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Arlington's Relay for Life begins fundraising

Last year’s Relay for Life in Arlington set a record and organizers have started fundraising in hopes of topping that in 2011. - File Photo
Last year’s Relay for Life in Arlington set a record and organizers have started fundraising in hopes of topping that in 2011.
— image credit: File Photo

ARLINGTON — Even though 2010 still has more than a month left to go, the organizers of the Arlington and Marysville Tulalip Relays For Life aren’t waiting around to start raising funds for their 2011 Relays For Life.

Not content with setting a first-year record for the American Cancer Society’s Relay For Life in 2010, organizers of the Arlington Relay For Life are looking to get a jump on their fundraising, while helping community members get a jump on their holiday shopping, at the Presidents Elementary Holiday Fair, Dec. 4 from 9 a.m. to 4 p.m.

Kay Duskin explained that the Holiday Fair is a fundraising opportunity for any 2011 Relay For Life team, and will feature craft items, baked items, clothing items and special activities for children.

“We’ve already got 13 different Relay teams confirmed,” Duskin said. “We’re getting a head start on next year’s Relay. This year, we raised $250,000, so for next year, we’re upping our game a little bit and setting a higher goal.”

Tables are available for $20 to any team registered for the 2011 Relay and all proceeds will go to the Arlington Relay For Life.

“Plus, you get to buy candy boxes, cookie tins, scarves, jewelry, blankets, sweaters, inspirational notecards and Italian sodas,” Duskin said. “DECA is making crafts.”

For more information, you may contact Duskin via e-mail at kay.duskin@comcast.net.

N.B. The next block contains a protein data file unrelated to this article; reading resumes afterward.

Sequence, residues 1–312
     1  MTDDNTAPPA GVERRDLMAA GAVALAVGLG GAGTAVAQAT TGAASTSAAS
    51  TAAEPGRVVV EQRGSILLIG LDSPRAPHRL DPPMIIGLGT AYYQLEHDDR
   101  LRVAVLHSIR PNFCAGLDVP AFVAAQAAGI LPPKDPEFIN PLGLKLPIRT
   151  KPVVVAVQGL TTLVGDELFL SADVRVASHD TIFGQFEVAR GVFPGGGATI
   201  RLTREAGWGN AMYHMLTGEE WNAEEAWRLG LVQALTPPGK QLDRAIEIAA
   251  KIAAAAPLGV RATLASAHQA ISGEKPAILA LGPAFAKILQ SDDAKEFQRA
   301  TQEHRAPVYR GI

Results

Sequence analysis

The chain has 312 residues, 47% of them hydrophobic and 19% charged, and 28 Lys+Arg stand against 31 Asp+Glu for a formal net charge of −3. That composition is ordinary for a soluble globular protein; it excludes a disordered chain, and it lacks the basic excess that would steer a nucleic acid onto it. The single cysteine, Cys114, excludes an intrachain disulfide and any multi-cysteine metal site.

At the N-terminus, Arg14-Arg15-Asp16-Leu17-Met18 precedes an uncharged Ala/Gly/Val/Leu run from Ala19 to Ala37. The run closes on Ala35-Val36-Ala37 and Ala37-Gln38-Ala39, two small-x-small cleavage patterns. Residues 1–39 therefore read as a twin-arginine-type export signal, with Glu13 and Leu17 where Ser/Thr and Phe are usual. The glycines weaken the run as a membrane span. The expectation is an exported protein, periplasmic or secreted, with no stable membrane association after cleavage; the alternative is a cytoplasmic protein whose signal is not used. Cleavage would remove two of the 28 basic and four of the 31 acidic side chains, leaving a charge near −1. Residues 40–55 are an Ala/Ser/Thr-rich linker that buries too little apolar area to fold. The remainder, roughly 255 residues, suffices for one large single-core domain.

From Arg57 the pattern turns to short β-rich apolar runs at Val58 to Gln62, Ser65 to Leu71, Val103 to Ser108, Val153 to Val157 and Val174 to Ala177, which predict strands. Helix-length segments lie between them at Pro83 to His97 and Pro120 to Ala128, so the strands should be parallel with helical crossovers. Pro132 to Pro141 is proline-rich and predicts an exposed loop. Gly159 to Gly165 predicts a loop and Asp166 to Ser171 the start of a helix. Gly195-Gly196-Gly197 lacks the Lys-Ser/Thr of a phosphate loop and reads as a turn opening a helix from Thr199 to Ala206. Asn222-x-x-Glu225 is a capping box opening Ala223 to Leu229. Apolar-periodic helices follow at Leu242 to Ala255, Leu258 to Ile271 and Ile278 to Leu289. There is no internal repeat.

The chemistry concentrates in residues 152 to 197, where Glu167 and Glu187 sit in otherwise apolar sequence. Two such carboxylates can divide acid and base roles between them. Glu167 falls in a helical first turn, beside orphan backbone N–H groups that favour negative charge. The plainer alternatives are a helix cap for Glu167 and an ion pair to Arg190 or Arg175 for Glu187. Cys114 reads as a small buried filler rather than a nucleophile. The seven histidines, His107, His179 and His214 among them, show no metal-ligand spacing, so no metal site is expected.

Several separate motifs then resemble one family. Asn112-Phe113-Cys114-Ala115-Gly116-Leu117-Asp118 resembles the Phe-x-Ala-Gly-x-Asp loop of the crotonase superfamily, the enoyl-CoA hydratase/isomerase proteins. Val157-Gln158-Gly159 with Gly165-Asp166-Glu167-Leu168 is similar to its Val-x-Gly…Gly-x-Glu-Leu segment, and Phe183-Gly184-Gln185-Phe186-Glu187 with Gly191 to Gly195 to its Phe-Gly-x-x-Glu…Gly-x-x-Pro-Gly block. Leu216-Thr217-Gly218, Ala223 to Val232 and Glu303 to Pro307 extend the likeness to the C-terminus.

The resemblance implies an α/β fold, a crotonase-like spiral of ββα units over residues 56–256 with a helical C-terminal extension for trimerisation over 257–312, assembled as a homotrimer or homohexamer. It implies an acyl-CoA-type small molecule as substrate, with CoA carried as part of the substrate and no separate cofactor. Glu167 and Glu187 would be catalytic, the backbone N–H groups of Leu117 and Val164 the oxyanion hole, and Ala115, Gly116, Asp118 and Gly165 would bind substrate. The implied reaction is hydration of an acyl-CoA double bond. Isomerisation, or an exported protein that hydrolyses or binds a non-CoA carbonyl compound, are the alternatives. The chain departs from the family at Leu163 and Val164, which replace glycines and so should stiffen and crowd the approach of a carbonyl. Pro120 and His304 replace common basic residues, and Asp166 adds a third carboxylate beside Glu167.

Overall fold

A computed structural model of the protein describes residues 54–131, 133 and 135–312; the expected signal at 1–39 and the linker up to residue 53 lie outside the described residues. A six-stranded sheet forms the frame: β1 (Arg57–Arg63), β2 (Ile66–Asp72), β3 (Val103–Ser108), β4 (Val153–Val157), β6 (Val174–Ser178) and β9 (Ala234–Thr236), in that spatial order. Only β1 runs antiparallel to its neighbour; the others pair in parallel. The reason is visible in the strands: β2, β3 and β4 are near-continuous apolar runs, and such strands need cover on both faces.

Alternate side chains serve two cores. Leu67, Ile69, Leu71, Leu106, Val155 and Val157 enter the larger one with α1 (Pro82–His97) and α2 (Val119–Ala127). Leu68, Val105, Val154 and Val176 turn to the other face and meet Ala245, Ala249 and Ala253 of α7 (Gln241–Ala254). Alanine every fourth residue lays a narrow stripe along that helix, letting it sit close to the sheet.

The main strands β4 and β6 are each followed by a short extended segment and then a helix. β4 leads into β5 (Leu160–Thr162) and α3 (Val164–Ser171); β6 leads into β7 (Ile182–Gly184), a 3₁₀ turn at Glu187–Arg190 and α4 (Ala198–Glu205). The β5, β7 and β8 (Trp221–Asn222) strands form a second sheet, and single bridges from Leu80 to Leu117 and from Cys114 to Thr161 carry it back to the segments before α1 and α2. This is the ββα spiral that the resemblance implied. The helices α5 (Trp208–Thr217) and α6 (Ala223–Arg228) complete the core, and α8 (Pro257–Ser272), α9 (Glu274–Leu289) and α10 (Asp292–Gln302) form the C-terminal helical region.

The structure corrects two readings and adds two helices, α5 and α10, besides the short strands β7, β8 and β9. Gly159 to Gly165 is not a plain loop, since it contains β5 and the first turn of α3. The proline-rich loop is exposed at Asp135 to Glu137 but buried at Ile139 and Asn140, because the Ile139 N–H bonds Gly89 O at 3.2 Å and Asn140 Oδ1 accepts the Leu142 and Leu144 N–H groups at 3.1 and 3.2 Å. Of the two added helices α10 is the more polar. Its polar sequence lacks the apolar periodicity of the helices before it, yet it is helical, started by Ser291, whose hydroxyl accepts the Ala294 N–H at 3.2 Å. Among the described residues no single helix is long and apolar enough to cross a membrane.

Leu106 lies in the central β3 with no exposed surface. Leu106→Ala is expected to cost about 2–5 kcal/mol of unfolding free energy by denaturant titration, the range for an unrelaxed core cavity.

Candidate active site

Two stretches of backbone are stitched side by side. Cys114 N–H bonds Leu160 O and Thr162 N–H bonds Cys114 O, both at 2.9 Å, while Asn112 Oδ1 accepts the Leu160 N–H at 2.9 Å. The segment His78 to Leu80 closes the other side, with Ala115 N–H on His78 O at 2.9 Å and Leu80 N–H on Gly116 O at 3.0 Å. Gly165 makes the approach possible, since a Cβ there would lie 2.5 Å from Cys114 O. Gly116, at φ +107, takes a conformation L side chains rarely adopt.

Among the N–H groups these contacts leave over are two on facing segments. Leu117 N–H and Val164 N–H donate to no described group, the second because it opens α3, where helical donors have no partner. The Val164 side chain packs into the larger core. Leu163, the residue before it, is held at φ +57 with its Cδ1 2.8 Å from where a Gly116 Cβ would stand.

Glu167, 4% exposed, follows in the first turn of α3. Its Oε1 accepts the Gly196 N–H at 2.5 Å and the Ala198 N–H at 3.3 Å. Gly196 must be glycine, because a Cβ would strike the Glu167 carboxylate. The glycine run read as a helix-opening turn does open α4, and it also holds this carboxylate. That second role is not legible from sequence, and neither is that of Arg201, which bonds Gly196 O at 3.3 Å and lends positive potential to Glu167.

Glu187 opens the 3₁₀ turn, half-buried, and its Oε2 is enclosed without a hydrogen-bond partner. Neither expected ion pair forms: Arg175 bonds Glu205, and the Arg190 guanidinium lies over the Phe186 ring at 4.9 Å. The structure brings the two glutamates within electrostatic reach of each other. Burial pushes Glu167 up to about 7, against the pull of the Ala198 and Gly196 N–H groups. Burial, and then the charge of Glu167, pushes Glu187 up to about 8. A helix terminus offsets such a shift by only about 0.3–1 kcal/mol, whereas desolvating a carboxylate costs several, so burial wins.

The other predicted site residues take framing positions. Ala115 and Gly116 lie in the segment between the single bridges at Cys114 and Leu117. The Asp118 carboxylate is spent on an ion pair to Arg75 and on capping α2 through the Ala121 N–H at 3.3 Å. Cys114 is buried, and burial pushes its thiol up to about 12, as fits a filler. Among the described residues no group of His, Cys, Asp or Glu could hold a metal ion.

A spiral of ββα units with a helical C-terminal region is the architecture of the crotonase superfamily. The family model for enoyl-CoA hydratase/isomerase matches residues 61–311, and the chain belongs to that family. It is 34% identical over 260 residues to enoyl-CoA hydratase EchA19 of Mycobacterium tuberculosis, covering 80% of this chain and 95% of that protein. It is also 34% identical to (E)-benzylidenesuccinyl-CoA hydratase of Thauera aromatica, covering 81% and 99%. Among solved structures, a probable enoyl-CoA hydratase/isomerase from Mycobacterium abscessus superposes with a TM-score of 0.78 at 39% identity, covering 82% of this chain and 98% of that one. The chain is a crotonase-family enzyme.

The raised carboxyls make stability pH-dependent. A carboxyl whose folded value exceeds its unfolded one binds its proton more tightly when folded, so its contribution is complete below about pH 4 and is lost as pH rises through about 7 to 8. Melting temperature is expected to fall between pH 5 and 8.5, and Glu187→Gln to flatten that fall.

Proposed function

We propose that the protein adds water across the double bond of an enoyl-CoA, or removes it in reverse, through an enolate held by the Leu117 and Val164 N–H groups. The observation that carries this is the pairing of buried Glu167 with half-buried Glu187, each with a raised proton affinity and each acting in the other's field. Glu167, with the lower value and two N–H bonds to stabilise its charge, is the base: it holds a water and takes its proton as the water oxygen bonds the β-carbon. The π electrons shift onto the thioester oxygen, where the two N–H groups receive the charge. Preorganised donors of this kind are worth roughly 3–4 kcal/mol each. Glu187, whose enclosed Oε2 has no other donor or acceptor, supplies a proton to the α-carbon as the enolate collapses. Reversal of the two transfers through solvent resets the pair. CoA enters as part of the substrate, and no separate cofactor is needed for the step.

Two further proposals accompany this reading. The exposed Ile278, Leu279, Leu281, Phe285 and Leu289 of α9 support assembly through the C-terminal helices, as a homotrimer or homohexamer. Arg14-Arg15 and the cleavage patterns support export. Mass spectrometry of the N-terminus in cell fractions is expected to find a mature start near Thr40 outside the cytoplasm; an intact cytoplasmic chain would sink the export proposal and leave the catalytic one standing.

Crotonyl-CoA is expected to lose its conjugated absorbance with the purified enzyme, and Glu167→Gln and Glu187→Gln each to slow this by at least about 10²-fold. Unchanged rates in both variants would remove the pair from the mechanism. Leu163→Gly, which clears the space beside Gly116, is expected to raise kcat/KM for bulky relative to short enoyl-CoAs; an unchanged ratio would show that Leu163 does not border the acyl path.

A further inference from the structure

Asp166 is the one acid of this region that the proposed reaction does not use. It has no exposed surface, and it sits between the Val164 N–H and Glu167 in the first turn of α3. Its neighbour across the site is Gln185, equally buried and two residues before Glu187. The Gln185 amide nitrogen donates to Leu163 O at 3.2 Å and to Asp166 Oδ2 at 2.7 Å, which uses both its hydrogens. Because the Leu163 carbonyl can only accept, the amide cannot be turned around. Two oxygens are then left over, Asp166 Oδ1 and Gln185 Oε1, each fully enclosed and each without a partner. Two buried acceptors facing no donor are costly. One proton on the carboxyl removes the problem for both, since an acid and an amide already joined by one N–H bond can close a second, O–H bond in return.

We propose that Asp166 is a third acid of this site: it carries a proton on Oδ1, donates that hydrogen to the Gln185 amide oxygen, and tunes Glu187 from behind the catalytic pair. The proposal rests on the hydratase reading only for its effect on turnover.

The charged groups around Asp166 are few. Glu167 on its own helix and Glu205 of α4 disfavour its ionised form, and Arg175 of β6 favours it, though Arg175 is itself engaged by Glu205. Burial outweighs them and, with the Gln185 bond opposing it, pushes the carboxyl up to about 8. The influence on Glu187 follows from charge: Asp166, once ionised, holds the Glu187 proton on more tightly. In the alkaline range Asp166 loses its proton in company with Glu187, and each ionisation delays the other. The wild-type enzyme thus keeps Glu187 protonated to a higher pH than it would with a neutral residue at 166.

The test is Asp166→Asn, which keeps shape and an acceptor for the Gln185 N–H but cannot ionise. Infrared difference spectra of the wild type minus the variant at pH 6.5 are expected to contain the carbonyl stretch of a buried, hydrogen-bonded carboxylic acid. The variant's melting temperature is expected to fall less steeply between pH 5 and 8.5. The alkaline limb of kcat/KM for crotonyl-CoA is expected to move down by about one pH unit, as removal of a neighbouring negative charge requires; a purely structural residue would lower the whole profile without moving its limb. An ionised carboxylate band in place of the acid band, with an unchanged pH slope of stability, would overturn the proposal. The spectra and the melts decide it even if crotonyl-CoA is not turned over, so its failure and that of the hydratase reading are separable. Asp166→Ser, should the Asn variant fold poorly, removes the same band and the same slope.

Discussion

“Any time you can help out a friend, a neighbor or a family member, it’s worthwhile,” Duskin said. “Everybody is affected by cancer, one way or another, so we want to get people thinking about this early and often.”

Organizers of the Marysville Tulalip Relay For Life are also aiming to promote themselves Dec. 3-4, by persuading community members to “Paint the Town Purple.”

The Marysville Tulalip Relay For Life Committee will go out into town to put up purple ribbons, posters and balloons during those days, when its members encourage everyone in Marysville to wear purple, to show their support for the fight against cancer and to honor and remember the ones they know who have faced with cancer.

On Dec. 3, local restaurants who support the Relay For Life will donate portions of their receipts that night to the event. On Dec. 4, the Relay’s organizers will take part in “Merrysville for the Holidays,” not only by entering a float in the Electric Lights Parade starting at 6:30 p.m., but also by staffing a booth at the water tower at Comeford Park from 6-8 p.m., where they’ll answer questions such as how to create or join Relay teams.

“We’ve had huge support from the city on this,” said Monica Olason, event chair for the 2011 Marysville Tulalip Relay For Life. “We’ve already signed up the mayor’s team. We know Arlington raised $250,000 this year, but we think we can do that,” she laughed. “In order to do it, though, we’ll need the help of our city’s businesses, government and community.”

Olason was 17 years old when her mother died of cancer, and last year her father-in-law died of cancer as well.

“There’s a big push in our family to do this,” said Olason, whose twins hope to stage a mini-Relay at Grove Elementary. “Whether it’s churches, the Kiwanis, the Rotary or anyone else, we could use everybody’s support on this one.”

“We want to show the surrounding communities what kind of town this is,” said Jennifer Holocker, a staff partner with the American Cancer Society. “We think it is going to grow to be huge.”

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